Take the day off and do something incompetent and mean-spirited: It’s the 70th birthday of Maj. Frank Burns!
Larry Linville, the man who crafted perhaps the most indelible character in American pop culture, was born on this day in 1939. The five-times married Linville, whose only other claim to fame was, coincidentally, a series of ill-fated romances aboard the fictional “Love Boat,” died April 10, 2000, at the age of 60.
But, to me at least, ferret-faced Frank Burns will live forever.
It’s a measure of the esteem I hold Burns in that when Matt Lauer saluted former Today Show colleague Bryant Gumbel on their shared birthday, I thought of calling up and demanding equal time for Burns.
M*A*S*H remains one of the most endlessly fascinating TV shows in history because no other show has ever ranged the gamut from fall down funny to train wreck terrible. From 1972 through 1983, the show was compelling, sometimes for all the wrong reasons.
Many argue on www.jumptheshark.com about when the show leaped the great white maneater.
Was it when Klinger stopped wearing dresses? When B.J. took over for the incomparable Trapper John? When the insufferable Sidney Friedman became a fixture? Or was it when Col. Blake’s plane nose-dived into the South China Sea, a riveting episode that to this day lands like a punch to the solar plexus.
The show took hits with all those dramatic transformations.
But nothing caused the essence of the original hilarious premise to leak out of the storied series like when they lost Frank Burns.
He was the moralizing prig who cheated on his wife. He was the flag-waving patriot who stole purple hearts from wounded soldiers for his own self-glorification. He was a bumbling doctor who kept getting promoted over worthier physicians.
I’ll never forget the episode when Radar was a budding writer doing an assignment about amusing anecdotes. Burns told a story about growing up in Indiana next door to a little wheel-chair bound boy named Timmy.
With evident glee, Frank tells of how Timmy was happily waving at the Burns family when he lost control of the chair. It plunged down the stairs, across the lawn and crashed the flailing invalid into the Burns family sedan.
He cackles witch-like through out the storytelling as B.J., Hawk and Radar listen in horror. When he concludes, B.J., the designated voice of conscience says, “That must have been awful!”
Frank says: “No, he just scratched the paint a little.”
Then he gets furious when the cheerful buddy-buddy reaction he’d sought results in scorn.
It’s brilliant. It combines a kind of malevolence and mean-spirited pettiness that used to unite the nation.
Today, all our bad guys divide us. You either love Barack Obama or hate him. Same goes for Sarah Palin.
Even deliberately cast evil doers like Montgomery Burns and Tony Soprano have their rooting sections.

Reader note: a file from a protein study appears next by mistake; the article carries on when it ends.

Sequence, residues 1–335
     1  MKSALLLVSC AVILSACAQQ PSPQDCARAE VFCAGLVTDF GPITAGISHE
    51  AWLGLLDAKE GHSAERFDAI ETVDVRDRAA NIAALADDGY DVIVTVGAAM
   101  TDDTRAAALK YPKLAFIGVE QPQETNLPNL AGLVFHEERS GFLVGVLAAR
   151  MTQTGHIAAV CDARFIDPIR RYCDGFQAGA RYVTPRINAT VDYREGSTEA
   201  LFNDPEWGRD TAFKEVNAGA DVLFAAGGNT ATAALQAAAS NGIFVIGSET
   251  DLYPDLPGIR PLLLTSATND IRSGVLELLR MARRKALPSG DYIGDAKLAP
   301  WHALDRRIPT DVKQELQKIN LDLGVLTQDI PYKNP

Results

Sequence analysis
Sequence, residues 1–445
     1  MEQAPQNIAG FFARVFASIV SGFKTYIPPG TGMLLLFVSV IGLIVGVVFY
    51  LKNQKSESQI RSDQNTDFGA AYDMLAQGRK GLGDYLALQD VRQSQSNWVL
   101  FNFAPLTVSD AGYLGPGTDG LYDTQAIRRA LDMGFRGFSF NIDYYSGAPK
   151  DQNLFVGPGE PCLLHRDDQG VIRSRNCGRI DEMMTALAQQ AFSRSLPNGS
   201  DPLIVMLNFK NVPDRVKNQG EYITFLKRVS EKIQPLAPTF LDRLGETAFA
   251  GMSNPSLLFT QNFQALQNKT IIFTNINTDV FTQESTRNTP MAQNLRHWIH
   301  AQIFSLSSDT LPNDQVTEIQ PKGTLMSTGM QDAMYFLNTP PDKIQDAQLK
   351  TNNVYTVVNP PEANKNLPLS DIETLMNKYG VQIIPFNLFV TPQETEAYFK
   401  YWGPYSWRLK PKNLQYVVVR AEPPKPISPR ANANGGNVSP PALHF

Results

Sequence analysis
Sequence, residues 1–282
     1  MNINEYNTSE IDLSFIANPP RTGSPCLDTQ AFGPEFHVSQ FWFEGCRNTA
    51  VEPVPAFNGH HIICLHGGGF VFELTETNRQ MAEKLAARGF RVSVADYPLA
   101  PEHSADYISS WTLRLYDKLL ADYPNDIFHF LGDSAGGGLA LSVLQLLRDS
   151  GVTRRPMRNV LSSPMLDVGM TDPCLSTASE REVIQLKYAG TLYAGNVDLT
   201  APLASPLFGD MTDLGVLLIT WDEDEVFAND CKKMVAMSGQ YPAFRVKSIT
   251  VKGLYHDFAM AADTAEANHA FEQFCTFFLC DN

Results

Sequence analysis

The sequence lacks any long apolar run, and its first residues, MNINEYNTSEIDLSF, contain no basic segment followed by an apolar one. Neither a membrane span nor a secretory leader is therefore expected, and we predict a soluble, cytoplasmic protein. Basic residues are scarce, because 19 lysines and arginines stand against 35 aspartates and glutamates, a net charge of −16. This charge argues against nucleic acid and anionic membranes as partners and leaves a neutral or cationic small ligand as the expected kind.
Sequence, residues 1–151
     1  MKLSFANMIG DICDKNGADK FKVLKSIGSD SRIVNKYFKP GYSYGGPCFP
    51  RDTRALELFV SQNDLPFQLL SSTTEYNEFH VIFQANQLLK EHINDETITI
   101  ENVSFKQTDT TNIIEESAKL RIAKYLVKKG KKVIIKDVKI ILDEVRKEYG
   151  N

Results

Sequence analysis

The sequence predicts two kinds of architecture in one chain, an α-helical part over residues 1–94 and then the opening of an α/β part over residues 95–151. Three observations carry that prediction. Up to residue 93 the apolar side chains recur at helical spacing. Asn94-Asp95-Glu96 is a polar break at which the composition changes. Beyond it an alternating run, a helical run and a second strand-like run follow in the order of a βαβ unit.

That’s why we need more men like Frank Burns in our lives. We need people so bumbling and loathsome that the whole world can point our children to and say, “See that man in the white smock with the stethoscope. He’s pure evil. You don’t want to grow up to be like him. He’s a mean, cheap and selfish stooge from whom no goodness results.”
So today, in honor of the great Frank Burns, I’m going to try and do something incompetent and mean-spirited.
Looking back over this incoherent blog post, I can surmise the incompetent part’s already taken care of.
Now, the hard part. Can I go against my gentle nature and do something deliberately mean-spirited?
I suppose while I’m thinking about it, I could call up Matt Lauer and demand he salute Frank Burns, too, instead of his suck-up buddy Gumbel, the egotisical poser who’s been on the fast track to Nowheresville since leaving the Today Show and whose head is becoming so big he ought to be called Giant Gumball.
Hmmm . . .
Maybe this mean-spirited bit won’t be so difficult after all.
I saw every episode of M*A*S*H. during my childhood. This brings back major memories.
Hee, get it? "Major" memories - in honor of Major Frank Burns... oh, never mind.
I applaud your tribute, Michelle. I grew up with it, too, and still check it out when it's on.
A friend of mine just reminded me of one of Frank's best lines, said to Henry's cheerleader girlfriend: "It's nice to be nice to the nice."
Long live Ferret Face!
If I'm ever on Millionaire and get a question about TV trivia, YOU'RE my phone-a-friend, okay?
Heck, Scobberlotcher, we don't have to wait for you to be on Millionaire. Consider me your phone-a-friend as of right now. Call anytime about anything.
Thanks for reading!
Nice to meet you.
I was going to paste the link without permission because I had very felt the interest for your blog.
Please link me with the blog if it is good.
Don't be too hard on Mr. Lauer. Don't forget he likely lost many a brain cell at OU, just like we did, so he probably just forgot about Ferret Face.
I still catch this show whenever I can. Like many others, I grew up on this.
Keep up the great work.
Hiro, feel free to link away. Thanks so much. I checked out your site and will be flattered to have my words translated into such an exotic looking language.
And, Paul, you make an excellent point about Matt Lauer. Anybody who even passed within sniffing distance of Athens had to have survived some brain cell massacres. Thanks, my friend!
I still have the tape of the last two hour episode. We had a party in Lakeview for it. Wow can't believe it's been that long ago.
And I was viewing up the hill at the fraternity house. An historic night, indeed. Still a great show, even when it's not. Thanks, Bob!
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Well, this aged well! Long live M*A*S*H, and Happy Easter!
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